I’d like to think that I’d make some better choices for construction now, but then again, it was a Halloween costume, so I suppose anything goes.
What horror stories do you have in your sewing past?
My original intent was to show you this project again only after completely piecing the top together. But instead, I’m going to point out my major math/planning fail. Last night, I finished piecing the HSTs for the Impressions Baby Quilt. Don’t they look nice on my design wall the piece of batting I hung on the wall?
But looking at my desk, I still have all of these:
Which is many more pieces than the four or so I expected to have after planning this all out extensively. (So, this could be worse—I could have been short; extra fabric’s not bad, right?)
How many 6″ squares can you get out of a fat quarter? The correct answer is nine. For some reason, my brain was dead set on believing it was only six. And so, when I planned this quilt out, I did so with the idea that I only had six squares of each fabric (or 12 triangles).
The result of that belief was that I had to get creative with my color scheming, since I didn’t have quite enough yellow to continue the diamond patern. I was going to eek out the quilt top and scrappy binding with naught but a few slivers leftover from the twelve fat quarters I started with. I even had to piece together the small triangles for the four blocks that have three pieces instead of two (the ones that comprise the points of the heart).
In reality, I have enough yellow to get much closer to my original plan and make at least one doll quilt to boot. I didn’t even need to piece those other triangles from the leftover strips.
I’ll be whipping up more HSTs with the leftovers now, and swapping out some of the squares on the design wall before piecing the top together.
At least there will be a doll quilt out of it all? (I do so like having that extra small quilt for the baby I gift the larger one to.)
Have you made serious mathematical errors before? Does your brain get stuck in an erroneous “this is the right answer” mode?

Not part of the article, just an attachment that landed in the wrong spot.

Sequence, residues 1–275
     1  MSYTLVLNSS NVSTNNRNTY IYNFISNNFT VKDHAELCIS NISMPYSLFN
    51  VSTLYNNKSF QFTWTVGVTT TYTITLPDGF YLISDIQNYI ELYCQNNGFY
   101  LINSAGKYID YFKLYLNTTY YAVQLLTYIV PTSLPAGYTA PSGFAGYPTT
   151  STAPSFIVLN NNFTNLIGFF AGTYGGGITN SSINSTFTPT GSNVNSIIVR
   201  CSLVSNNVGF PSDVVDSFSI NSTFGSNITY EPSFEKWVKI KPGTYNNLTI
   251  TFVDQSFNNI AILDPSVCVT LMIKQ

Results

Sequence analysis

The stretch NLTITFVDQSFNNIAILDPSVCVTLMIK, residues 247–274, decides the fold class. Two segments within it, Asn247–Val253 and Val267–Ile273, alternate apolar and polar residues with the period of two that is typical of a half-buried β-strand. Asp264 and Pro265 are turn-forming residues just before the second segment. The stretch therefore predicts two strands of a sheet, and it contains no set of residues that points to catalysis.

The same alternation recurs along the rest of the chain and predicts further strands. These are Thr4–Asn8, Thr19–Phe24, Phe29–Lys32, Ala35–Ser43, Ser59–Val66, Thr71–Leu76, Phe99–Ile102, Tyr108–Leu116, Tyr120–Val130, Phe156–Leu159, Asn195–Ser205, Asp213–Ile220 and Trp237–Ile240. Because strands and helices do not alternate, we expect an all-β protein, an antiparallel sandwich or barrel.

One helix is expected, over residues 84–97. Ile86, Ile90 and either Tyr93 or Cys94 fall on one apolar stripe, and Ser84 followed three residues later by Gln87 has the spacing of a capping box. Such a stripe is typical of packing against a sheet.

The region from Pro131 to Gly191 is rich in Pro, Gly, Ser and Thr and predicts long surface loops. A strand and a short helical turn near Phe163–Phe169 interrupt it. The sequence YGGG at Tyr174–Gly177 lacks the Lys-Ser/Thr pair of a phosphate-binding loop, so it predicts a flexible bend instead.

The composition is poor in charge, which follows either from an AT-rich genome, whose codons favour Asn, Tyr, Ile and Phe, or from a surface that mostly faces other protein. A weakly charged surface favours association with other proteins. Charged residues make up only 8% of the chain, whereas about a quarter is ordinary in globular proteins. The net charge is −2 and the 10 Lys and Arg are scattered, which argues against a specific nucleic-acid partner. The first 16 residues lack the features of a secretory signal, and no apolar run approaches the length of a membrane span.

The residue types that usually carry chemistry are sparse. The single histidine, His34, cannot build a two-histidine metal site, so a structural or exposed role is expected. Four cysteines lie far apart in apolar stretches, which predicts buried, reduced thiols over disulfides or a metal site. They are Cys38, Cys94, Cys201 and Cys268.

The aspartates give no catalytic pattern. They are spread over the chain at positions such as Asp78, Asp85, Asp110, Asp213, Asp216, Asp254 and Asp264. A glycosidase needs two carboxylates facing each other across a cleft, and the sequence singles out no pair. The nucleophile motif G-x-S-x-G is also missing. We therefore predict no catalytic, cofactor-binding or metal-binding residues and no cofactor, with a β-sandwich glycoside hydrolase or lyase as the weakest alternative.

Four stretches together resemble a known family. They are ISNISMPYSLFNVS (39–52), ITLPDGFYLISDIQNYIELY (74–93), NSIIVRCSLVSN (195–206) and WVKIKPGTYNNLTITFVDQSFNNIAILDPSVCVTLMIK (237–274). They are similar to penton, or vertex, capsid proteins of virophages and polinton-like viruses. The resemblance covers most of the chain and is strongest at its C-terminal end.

I feel like I’m stuck in a cycle of “meh” projects—ones that are sufficient, but not awesome. This is another one of those, and I think all the blame lies on the blackboard cloth element.
The quilt club is transitioning to having members make their own name tags this year. So, in order to give new members a bit of a grace period while still allowing them to have something with their name on it, I am making up a few new member name tags to lend out at meetings. At first, I was just going to make a window into which we could slip a bit of paper with their name on it, but then my imagination got away from me and I decided to try out Chalk Cloth.
Then, my wallet brought me back to my senses and I went for the off-brand blackboard cloth available from the local JoAnn, since I only needed an eighth of a yard or so and the LQS only carries the expensive stuff in one yard cuts. That might be my first problem?
But anyway, I put my embroidery functionality, some twill tape, and a few charm squares to work last night, and ended up with what could be a pretty cool project:
But notice all the yellow dust staining the edges of the fabric? Well, prior to sewing, I primed the cloth according to the directions (rub chalk on its side both vertically and horizontally, wipe, repeat, wipe (repeat again, for good measure), and you’re good to go), but somehow between priming it and finishing the sewing part, it became unprimed (with no heat or water involved).
So, I tried to reprime, but it just doesn’t work as well once it’s all put together.
So, I don’t know if I should continue in this vein or not. Perhaps I’ll try breaking the chalk so that it’s shorter, wash out the stains, and try to prime just the middle of the cloth.
But in theory, it is a pretty cool badge that can be worn around the neck, or have the strap tucked in and be pinned on instead.
I have another three weeks to play around with the idea. We’ll see what happens. (Also, I should probably get around to making my own…)
Do you have any experience with using Chalk Cloth or blackboard cloth?